When on an uncharted journey it is not uncommon to get lost and led astray. Following beacons and misguided navigational points that slightly betray your gut instincts. True trailblazers don’t let this deter them. Getting lost can be as illuminating as discovering paradise shortly after setting off. Jack Ingram began his trek twenty-five years ago as just another college student seeking six-string freedom. Narrow world-view and narrower guitar skills aside, Ingram displayed early promise as a songwriter and performer. Songs that were real and catchy. Live sets that were rowdy and electric. Unbeknownst to him, he was creating a new subgenre of music. Charting the map of a new touring circuit and industry. Alongside contemporaries such as Pat Green, Charlie Robison and Cory Morrow, Ingram had lit the flame to a fire bigger than any of them could have ever imagined. Along the way, the crowds got larger and the paychecks at the end of the night gained more 0’s. Yet, Ingram always stood out from his peers. A little more unhinged. A little more punk rock (despite the constant proclamations of “My name is Jack Ingram and I play country music.”). A little more artistic. A little more adventurous. A little less scared.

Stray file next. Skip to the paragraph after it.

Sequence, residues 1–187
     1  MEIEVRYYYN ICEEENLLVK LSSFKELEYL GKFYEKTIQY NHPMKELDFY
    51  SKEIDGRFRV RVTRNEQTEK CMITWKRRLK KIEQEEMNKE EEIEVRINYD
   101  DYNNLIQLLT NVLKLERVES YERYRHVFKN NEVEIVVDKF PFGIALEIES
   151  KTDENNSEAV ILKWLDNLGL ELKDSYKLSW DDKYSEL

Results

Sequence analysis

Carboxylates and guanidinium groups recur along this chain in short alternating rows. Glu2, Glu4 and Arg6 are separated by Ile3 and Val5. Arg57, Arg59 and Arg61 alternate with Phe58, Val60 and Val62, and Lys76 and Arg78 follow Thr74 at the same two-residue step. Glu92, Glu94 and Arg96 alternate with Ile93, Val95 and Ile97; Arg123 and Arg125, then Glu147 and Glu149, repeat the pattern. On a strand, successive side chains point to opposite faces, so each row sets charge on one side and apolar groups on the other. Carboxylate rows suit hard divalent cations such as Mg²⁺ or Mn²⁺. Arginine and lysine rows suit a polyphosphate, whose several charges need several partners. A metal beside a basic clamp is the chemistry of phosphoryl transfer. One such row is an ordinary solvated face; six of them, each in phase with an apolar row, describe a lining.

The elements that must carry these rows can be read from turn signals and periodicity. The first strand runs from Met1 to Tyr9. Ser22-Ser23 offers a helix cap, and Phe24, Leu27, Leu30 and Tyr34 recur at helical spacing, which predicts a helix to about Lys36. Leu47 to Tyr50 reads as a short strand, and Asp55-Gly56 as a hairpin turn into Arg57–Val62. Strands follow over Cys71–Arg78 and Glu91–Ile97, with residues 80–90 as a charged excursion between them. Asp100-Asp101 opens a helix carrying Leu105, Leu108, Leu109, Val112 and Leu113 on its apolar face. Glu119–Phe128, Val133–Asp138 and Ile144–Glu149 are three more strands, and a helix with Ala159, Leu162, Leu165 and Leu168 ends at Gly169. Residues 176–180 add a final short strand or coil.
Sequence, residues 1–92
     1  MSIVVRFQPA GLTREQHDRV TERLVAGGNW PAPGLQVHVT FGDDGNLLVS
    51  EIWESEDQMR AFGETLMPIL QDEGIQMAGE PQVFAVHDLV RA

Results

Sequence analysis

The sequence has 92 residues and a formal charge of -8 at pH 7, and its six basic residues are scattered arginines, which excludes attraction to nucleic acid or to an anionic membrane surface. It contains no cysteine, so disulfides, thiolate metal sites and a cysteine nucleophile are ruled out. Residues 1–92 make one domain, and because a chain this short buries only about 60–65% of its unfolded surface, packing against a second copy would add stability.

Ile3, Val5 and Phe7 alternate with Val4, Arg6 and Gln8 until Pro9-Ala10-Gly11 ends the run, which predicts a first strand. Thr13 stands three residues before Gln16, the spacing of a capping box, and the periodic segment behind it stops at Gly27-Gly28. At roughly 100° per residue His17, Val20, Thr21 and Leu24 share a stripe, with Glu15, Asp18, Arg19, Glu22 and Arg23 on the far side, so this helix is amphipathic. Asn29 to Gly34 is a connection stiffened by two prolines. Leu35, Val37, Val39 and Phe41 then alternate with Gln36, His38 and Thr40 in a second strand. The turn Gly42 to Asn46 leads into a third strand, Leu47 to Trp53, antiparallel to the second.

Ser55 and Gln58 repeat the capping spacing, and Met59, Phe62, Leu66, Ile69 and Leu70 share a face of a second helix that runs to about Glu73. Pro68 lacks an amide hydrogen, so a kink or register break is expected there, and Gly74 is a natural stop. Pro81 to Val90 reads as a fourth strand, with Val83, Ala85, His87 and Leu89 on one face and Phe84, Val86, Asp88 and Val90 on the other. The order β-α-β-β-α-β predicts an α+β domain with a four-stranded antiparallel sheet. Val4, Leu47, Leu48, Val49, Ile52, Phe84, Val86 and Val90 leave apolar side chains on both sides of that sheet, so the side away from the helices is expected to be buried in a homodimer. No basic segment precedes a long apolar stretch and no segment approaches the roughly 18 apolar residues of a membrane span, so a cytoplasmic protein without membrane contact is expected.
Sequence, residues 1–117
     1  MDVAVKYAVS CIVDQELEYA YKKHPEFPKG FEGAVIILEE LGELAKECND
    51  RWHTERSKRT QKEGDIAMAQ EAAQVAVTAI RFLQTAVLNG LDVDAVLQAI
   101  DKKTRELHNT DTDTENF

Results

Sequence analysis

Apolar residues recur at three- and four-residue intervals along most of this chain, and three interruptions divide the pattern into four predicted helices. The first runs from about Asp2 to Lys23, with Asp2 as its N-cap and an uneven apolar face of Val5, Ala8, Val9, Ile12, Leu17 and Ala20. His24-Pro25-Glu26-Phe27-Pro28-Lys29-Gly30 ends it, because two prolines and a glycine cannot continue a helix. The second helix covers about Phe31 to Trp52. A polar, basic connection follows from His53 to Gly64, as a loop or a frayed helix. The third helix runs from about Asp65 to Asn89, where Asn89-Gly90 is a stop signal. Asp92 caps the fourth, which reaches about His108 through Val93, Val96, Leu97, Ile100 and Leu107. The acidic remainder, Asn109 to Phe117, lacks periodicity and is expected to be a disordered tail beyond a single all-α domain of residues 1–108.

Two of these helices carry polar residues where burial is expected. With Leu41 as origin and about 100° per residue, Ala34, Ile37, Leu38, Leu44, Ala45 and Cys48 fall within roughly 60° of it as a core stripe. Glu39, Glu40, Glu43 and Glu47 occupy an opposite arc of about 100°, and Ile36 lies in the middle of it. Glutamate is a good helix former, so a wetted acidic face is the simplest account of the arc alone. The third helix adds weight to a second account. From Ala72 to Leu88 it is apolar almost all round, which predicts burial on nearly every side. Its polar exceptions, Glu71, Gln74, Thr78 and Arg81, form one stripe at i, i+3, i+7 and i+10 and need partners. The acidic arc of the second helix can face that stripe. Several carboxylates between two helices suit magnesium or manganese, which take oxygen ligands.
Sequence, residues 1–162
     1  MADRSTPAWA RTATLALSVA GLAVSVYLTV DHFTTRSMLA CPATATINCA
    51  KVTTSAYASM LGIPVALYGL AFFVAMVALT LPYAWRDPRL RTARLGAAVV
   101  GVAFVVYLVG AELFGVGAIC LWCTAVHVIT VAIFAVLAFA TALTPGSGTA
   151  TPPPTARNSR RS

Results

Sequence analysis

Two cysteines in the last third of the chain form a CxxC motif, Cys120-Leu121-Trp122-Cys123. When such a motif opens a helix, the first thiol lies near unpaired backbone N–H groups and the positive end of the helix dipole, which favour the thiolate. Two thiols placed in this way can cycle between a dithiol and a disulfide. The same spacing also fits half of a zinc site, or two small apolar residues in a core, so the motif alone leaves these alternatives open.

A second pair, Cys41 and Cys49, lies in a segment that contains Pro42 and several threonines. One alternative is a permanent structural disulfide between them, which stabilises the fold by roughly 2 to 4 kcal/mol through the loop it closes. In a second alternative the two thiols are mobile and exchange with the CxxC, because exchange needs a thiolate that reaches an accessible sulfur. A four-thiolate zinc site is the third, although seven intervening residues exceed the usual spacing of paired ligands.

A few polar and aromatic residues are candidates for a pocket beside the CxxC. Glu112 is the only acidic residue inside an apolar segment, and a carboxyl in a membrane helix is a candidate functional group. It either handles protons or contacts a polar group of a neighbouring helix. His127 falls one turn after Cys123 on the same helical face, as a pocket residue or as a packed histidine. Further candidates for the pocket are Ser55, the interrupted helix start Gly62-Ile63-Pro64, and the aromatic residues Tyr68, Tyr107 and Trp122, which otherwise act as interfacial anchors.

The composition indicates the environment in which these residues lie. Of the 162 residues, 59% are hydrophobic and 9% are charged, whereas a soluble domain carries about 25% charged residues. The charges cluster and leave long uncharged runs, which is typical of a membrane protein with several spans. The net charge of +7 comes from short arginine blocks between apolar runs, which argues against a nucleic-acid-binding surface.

Unafraid to take chances or follow his own path, Ingram shot up through the newly created Texas ranks and straight into Nashville consciousness. A label deal, a record produced by Steve Earle, a cameo in the Sandra Bullock movie Hope Floats, a second label deal, national tv appearances, a third label deal, radio hits. Some of the most groundbreaking and important music to ever come out of Texas was created during this period (Electric and Hey You to be exact). Soon, the Borchetta brass ring came calling. Gone was the Acoustic Motel and in its place was a slick penthouse that didn’t quite ever feel right despite awards and radio success. But, one to never be satisfied or fully quenched, Ingram needed these experiences to confirm within his soul the type of artist he was all along. A true Texas troubadour. Able to hush a listening room with tales and tunes one night and able to drive his beat up Ford to a festival and rock thousands full band rock n’ roll preacher style the next.
An adventure a quarter century in the making is going to have peaks and valleys. Money, fame, success come with sides of debt, doubt and failure. All these elements have combined to make Jack Ingram the songwriter he has become. We should all be grateful that Jack never quit spending time in the midnight motel rooms. A true champion artist. Some folks are singer/songwriters. Jack Ingram is a performer/songwriter that plays country music. He’s one of our greatest treasures. We should all be grateful that he’s still pushing himself. Underneath it all he’s still a 20 year old college kid plucking new chords and trying to figure it all out. He’s just gotten much better at disseminating his emotions. Our emotions. As Walt Wilkins sang, I chose this road. Jack Ingram chose this road and it got him right where he needs to be. I can’t wait to see where he goes next. Midnight Motel is as fantastic a Texas songwriter record as ever has been released.